Third, that little video camera uses a lot of brain power! I actually used to stutter and run out of things to say when I was self-conscious because I was constantly multi-tasking. Once I took all that brain power I was using to analyze myself and applied it to my conversations, my conversational IQ went up by 20 points in one night. My wit and reaction times went up dramatically once I didn't have to filter my actions through my self-consciousness filter.
So, how do you deal with self-consciousness? There are a bunch of different strategies, some of which work better for different people. I recommend that anyone who has issues with self-consciousness should try all of these, and find out which works best for you.
The first thing you have to do is realize, logically, that self-consciousness is counterproductive and wrong, and be able to recognize when you're being self-conscious.
But, convincing your logical brain that self-consciousness doesn't work is pretty easy compared to teaching and training your subconscious and emotional mind to stop a destructive thought pattern.
The best way to get over self-conscious thoughts is to put yourself in uncomfortable situations and blast your way through. Public speaking is a great way to do this. And of course, meeting women, either during the day or at a bar, is the best way to get over this.
Also, I highly recommend improv classes for eliminating self-consciousness. Next to going out and pushing yourself into meeting women, this is the best thing you can do. Improv classes are pretty much designed to break down self-consciousness. Basically, they involve making a fool of yourself in front of a small group of people who are also making fools of themselves. Oh, and you have to be clever at the same time - it's pretty tough.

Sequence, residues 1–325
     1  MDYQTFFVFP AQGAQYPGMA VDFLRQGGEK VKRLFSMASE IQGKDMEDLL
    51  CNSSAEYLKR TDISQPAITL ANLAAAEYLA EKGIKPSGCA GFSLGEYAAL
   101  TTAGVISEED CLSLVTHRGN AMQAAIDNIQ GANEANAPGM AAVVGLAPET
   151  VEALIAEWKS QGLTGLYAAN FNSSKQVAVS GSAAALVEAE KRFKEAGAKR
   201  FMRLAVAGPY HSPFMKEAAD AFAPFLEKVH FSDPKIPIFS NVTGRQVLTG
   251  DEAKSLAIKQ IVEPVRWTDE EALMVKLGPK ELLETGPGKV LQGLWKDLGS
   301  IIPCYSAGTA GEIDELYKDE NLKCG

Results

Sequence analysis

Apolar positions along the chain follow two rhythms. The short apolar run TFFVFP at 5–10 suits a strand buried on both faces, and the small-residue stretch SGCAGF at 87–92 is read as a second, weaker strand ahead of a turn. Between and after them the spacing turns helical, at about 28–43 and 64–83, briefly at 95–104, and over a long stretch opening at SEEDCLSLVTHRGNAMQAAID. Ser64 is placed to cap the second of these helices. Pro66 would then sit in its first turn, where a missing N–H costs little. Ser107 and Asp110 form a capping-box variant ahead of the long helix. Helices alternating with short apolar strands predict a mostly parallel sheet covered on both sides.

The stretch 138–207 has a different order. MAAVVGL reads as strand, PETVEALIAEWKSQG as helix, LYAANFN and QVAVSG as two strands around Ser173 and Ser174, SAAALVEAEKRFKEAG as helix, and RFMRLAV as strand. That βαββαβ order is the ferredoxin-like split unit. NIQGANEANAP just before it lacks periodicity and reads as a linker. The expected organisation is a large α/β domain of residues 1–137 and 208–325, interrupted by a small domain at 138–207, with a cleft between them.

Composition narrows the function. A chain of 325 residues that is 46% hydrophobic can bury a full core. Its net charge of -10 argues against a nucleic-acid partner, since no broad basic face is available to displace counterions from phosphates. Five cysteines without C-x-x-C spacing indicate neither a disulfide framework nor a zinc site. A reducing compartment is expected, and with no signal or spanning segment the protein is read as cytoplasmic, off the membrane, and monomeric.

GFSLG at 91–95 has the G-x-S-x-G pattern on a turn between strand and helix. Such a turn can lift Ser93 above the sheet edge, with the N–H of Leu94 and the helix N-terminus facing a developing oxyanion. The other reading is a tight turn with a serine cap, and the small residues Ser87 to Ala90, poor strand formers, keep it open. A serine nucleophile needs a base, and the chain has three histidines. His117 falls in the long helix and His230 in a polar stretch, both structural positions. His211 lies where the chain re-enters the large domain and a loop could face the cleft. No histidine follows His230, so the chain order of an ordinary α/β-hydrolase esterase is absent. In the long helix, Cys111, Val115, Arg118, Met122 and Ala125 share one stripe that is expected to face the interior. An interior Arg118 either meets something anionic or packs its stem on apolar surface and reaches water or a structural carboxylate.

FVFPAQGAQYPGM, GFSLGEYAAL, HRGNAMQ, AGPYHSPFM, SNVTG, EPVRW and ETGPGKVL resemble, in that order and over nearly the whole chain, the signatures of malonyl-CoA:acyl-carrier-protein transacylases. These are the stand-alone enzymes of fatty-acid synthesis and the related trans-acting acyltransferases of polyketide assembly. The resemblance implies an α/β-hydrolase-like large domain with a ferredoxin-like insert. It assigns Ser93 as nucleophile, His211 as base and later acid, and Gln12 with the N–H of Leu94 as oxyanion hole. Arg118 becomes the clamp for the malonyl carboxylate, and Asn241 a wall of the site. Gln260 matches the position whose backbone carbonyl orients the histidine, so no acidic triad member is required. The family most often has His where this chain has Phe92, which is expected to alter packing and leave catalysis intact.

Finally, one thing that worked really well for me was shifting my attention. I took that part of my brain that was trying to guess what people thought of me, and I devoted it to observing how people were reacting. I started focusing on watching a woman's face, and not speculating about what might be going on in her mind. So if I said, for example, a joke that was a bit rude, and I was worried that I had offended her, I would look into her eyes. If she looked like she was getting offended I would say "aww, Sarah's so nice, she's totally offended" to diffuse the situation. If she laughed at the joke, though, I'd just keep going.
This is important because you still need to be conscious of how people perceive you if you want to be socially calibrated, but self-consciousness is not the way to do it. Watching body language and reaction is objective and reliable, whereas self-consciousness is subjective and unreliable. By watching how a person reacts, instead of trying to guess what she's thinking, you can do a much better job of knowing what is going through her mind.
And most of the time, she's just enjoying the ride.
To see if Chris Shepherd (Tenmagnet) is teaching a program in your area, check out our schedule here.